Wednesday, July 21, 2021

THE ANDROMEDA GALAXY

History

Visible to the naked eye even under moderate conditions, this object was known as "the little cloud" by the Persian astronomer Abd-al-Rahman Al-Sufi, who described and drew it in 964 AD. in his "Book of Fixed Stars". It must have been commonly observed and known to Persian astronomers in Ispahan as early as AD 905, or even earlier.

R. H. Allen (1899 - 1963) reported that it also appeared on a Dutch star map from the year 1500.

Charles Messier, who cataloged it on August 3, 1764, was obviously unaware of these earlier reports, and attributed his discovery to Simon Marius, who was the first to give a telescopic description in 1612, but who (according to RH Allen) did not make him claim his discovery. Unaware of the discoveries of Al-Sufi and Marius, Giovanni Batista Hodierna independently rediscovered it before 1654. However, Edmond Halley, in his 1716 treatise "Nebulae", gives his discovery to the French astronomer Bullialdus (Ismail Bouillaud), who observed it in 1661, but Bullialdus himself mentions that it had been observed 150 years earlier (early 16th century) by some anonymous astronomer (RH Allen, 1899 - 1963).

The "Great Andromeda Nebula" was considered one of the closest nebulae. William Herschel believed, erroneously of course, that its distance did not exceed 2,000 times the distance from Sirius (17,000 light-years); however, he saw it as the closest “island universe,” similar to our own Milky Way, which he assumed was a disk with a diameter equal to 850 times Sirius' distance and a thickness 155 times that distance.

It was William Huggins, the pioneer of spectroscopy, who in 1864 pointed out the difference between gaseous nebulae, with their spectrum of lines, and the "nebulae" that we now know to be galaxies, with continuous spectral lines, similar to those of stars, and obtained a continuous spectrum for M 31 (Huggins and Miller, 1864).

In 1887, Isaac Roberts obtained the first photographs of the Andromeda "nebula", showing for the first time the basic features of its spiral structure.

In 1912, VM Slipher of the Lowell Observatory measured the radial velocity of the Andromeda "nebula" and found it to have the fastest velocity ever recorded, about 300 km. per second, getting closer. This already pointed to the extra-galactic nature of the object.


DESCRIPTION


M 31 is the famous Great Andromeda Galaxy, our closest neighbor which, together with its companions M 32, M 110 (both dwarf galaxies) and M 33, and many others, form the Milky Way's Local Group of Galaxies. It's among the most recognizable objects in the sky, and it's hard for the most novice astronomy buff to need any guidance to find it. On the other hand, M 31 is the only spiral galaxy indisputably visible to the naked eye in the entire sky. With binoculars, it is possible to see the enormous difference between the dense, luminous, oval and somewhat yellowish bulb, and the bluish spiral disk, with alternating dark bands, much weaker. In no other galaxy is it possible to see such a spectacular contrast.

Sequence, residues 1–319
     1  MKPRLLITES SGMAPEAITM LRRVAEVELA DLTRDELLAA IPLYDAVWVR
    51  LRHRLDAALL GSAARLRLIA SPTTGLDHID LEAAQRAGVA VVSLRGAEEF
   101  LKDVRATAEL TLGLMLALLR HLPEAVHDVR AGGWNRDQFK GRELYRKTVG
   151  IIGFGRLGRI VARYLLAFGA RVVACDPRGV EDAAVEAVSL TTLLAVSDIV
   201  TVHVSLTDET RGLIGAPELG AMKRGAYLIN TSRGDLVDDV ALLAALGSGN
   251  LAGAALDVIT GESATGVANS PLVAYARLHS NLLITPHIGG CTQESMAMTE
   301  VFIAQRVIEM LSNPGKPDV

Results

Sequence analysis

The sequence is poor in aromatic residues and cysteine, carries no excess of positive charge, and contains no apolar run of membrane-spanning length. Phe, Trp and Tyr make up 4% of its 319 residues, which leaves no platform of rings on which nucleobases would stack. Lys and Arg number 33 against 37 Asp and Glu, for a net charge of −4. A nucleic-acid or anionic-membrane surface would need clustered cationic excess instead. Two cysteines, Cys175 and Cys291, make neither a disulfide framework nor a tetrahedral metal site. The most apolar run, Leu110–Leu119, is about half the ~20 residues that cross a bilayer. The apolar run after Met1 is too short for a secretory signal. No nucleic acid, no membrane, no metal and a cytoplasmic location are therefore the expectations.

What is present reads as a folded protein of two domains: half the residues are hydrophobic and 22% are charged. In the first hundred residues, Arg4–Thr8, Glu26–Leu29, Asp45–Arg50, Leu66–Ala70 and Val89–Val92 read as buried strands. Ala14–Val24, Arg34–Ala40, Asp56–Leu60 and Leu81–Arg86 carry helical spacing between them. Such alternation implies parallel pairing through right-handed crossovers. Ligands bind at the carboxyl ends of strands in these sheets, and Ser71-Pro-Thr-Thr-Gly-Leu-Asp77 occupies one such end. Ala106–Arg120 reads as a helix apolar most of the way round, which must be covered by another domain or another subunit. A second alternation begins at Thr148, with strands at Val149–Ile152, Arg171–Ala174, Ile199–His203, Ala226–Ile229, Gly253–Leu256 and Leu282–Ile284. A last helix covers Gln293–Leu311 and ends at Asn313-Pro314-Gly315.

Modern values ​​for galactic rotation and heliocentric radial velocity result in the Andromeda Galaxy and the Milky Way approaching at a speed of about 100 kilometers per second.

M 31 has at least 300 billion stars (probably half a trillion). It has a powerful bulb and at its center a very powerful core, in which the equivalent mass of 160 million suns is concentrated in a volume only 34 light-years across.


Andromeda is certainly the most widely observed "outside" galaxy today. This is especially important because it allows the study of features of a galaxy seen from the outside, features that are also those of the Milky Way, which cannot be observed because so much of our galaxy is obscured by interstellar dust. There is a permanent interest in the study of spiral structure, open and globular clusters, interstellar matter, planetary nebulae, supernova remnants, galactic node, among many other objects that also deserve the attention of amateurs.

The brightest of the 300 globular clusters of the Andromeda Galaxy, G1, is also the brightest of the Local Group of Galaxies; its apparent visual magnitude from Earth is approximately 13.72. It also surpasses the Milky Way's brightest globular cluster, the Omega Centauri, and can also be guessed by well-equipped amateurs under very favorable viewing conditions. It is, once again, with astrophotography, because it manages to capture the least amount of light coming from its spiral arms, as can be clearly seen in our illustration.

The Andromeda galaxy is in notable interaction with its companion M 32, which appears to be responsible for a considerable part of the disturbances in the spiral structure of M 31. The neutral hydrogen arms are offset relative to those consisting of stars. For about 4,000 light years, and cannot be continuously tracked in the area closest to its smaller neighbor.


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The core rotates rapidly over a period of 310,000 years. In the early 1990s, much larger movements were discovered in its core, undoubtedly related to a singularity that nestles in its bosom, also responsible, probably, for the radio emission that reaches us. Gigantic clusters of great density nest in the NE wing, and in their environment there are a large number of globular clusters that only photographs can show.

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